Cybercriminals are notorious for capitalizing on vulnerabilities. And the current public health crisis — which is causing fear, confusion, and a growing need for information and connection — presents the perfect opportunity for exploitation. As myriad COVID-19-themed scams continue to make headlines, it’s imperative that you learn how to spot social engineering attacks, and follow these practices to prevent falling victim to them.
Identifying and avoiding social engineering attempts
Cybercriminals often cast a wide net, using various means of communication — primarily email, social media, text messages, and phone calls — to target individuals and businesses alike.
Here are a few tips to help you and your employees recognize and steer clear of social engineering scams:
#1 If it’s urgent, be skeptical
Scammers try to create a sense of urgency to make you act first and think later. But don’t rush — take a moment to review if the message is genuine or a scam. If it purports to be from a reputable company, you can call their customer support (using the number on the company website and not the one in the message) to confirm its legitimacy. But more often than not, real companies will be the ones to call you if there’s any urgent information they need to relay or ask.
Likewise, if the sender pretends to be someone you know, send them a text or call them to check if the message really came from them.
#2 Check the source
Phishing emails are typically poorly crafted, exhibiting imperfect grammar and spelling. But the more sophisticated ones are harder to distinguish. One way to verify these, though, is to check their source.
Look at the domain name — the part that comes after the @ symbol — of the sender’s email address. For personal emails, this is often gmail.com, yahoo.com, or outlook.com, but reputable organizations typically have their own email domain, such as @who.int (for the World Health Organization) or @fbi.gov (for the Federal Bureau of Investigation). Search the domain name on Google, and if only the domain comes up and no other search results appear, then it’s likely a sham.
You can also use sites like WHOis and ICANN to look up when a website and its corresponding email domain name was set up and who owns it. Even if the domain name checks out, it won’t hurt to further confirm the identity of the sender by looking up their name on Google or the organization’s directory.
#3 Check the recipient
Another way to identify a phishing email is by checking the recipient. As mentioned in the beginning, cybercriminals often cast a wide net, so look out for overly generic salutations like “Dear valued customer” or “Dear account holder.”
Also, be wary if your name is not in the To: or CC: field or anywhere in the email. At the same time, keep an eye out for emails sent to multiple people, especially if the recipients look like they were chosen at random.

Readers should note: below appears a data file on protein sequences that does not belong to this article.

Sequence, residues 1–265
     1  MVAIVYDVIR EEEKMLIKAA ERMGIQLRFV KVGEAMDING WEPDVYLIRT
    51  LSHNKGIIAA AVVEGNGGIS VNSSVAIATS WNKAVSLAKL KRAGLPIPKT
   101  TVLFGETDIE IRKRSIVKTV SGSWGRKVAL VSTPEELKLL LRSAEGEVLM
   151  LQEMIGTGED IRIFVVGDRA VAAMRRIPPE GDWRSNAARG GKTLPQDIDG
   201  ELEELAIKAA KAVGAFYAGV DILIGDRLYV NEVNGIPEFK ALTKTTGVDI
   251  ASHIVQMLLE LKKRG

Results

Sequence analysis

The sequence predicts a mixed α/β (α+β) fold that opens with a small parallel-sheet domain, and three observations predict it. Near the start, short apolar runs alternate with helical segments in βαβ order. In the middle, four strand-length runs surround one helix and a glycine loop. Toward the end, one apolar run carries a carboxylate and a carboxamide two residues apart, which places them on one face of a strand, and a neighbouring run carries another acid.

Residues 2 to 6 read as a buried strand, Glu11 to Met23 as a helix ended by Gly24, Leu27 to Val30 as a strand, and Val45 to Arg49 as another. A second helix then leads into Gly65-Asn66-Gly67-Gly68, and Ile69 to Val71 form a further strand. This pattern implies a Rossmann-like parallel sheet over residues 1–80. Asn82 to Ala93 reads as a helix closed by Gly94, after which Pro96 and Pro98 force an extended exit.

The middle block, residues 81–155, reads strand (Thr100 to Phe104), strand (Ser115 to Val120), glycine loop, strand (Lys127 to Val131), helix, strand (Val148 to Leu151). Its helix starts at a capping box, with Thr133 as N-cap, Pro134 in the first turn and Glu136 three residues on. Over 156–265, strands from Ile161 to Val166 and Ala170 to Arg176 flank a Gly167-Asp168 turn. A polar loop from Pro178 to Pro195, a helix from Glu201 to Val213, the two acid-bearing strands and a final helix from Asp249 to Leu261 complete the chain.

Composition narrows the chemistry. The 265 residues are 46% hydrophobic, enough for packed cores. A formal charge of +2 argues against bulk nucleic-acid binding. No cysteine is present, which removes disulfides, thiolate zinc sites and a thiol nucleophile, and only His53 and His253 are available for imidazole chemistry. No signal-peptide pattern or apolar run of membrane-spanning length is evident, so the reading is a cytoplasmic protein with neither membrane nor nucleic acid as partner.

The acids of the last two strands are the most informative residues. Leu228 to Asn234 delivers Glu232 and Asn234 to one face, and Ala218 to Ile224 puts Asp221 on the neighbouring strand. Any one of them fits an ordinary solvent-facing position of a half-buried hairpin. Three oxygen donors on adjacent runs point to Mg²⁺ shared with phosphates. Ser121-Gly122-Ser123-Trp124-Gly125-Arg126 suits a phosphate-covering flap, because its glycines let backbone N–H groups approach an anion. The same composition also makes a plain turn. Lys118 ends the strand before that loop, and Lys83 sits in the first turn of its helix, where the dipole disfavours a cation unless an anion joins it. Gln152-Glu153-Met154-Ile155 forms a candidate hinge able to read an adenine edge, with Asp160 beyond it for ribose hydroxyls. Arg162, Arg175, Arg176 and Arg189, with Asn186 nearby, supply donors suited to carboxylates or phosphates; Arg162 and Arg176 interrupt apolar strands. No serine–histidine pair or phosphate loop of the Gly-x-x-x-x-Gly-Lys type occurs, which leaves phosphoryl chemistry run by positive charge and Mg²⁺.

#4 If it’s asking you to download something, don’t do it
Don’t open links or attachments from people you don’t know — or even from people you do know, if you aren’t expecting them to reach out to you. Whenever you click on a website or a file from a dubious email or text, you stand a good chance of infecting your device or systems with malware. It pays to err on the side of caution and follow the first three tips to verify the contents of the message before clicking on any links or attachments.
#5 Don’t believe offers and unexpected prizes
As the famous adage goes, if something sounds too good to be true, it probably is. Especially if an email mentions anything about money or prizes in exchange for help or information, it’s very likely a scam. You can’t win a lottery you didn’t enter.
Protecting your business from social engineering attacks
Given how rampant social engineering scams are, it's likely that you'll encounter them. But there are actions you can take to reduce the risks of falling victim to them. These include remaining vigilant and ignoring any request for personal information and passwords, especially. Likewise, reject requests for or offers of help from unknown senders, unless you have thoroughly verified its legitimacy. Additionally, hold security awareness training and testing programs for your employees to teach them how to deal with cyberattacks.
Investing in security software is also an effective way to protect your business from social engineering attacks. For instance, if you or any of your employees unknowingly downloaded or opened a suspicious file, an anti-malware program can detect and remove this, and prevent other malware from infiltrating your systems.
To help protect your Houston business from increasingly sophisticated cyberattacks, partner with Safebit . We provide small- and medium-sized businesses with a host of proactive IT solutions, from managed services to security to support and consulting. Talk to us today and bid farewell to all your IT worries. You can also download our FREE eBook, which covers a comprehensive list of cybersecurity solutions that will keep your systems and devices safe from malware and data breaches.